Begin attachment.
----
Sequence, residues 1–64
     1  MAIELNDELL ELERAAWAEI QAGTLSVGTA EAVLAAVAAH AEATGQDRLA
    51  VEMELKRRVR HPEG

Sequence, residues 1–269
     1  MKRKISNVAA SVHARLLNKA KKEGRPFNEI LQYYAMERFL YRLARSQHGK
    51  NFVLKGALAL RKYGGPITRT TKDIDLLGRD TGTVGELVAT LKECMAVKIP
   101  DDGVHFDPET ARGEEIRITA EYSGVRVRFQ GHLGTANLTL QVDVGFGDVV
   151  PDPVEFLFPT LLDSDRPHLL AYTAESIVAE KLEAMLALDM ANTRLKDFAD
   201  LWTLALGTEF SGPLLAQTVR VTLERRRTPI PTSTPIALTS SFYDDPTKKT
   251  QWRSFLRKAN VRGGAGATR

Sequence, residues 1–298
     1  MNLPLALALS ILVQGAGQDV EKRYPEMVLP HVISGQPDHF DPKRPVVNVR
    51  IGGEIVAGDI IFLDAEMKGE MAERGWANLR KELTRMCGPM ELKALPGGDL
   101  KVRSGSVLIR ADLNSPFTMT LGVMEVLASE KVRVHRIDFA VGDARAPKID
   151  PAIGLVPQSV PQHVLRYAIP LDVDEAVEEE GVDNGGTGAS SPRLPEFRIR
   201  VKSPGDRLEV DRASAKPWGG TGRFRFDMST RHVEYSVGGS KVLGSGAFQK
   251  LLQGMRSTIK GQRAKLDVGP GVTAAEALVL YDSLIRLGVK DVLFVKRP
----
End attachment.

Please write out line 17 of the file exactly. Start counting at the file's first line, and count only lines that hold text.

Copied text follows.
   251  LLQGMRSTIK GQRAKLDVGP GVTAAEALVL YDSLIRLGVK DVLFVKRP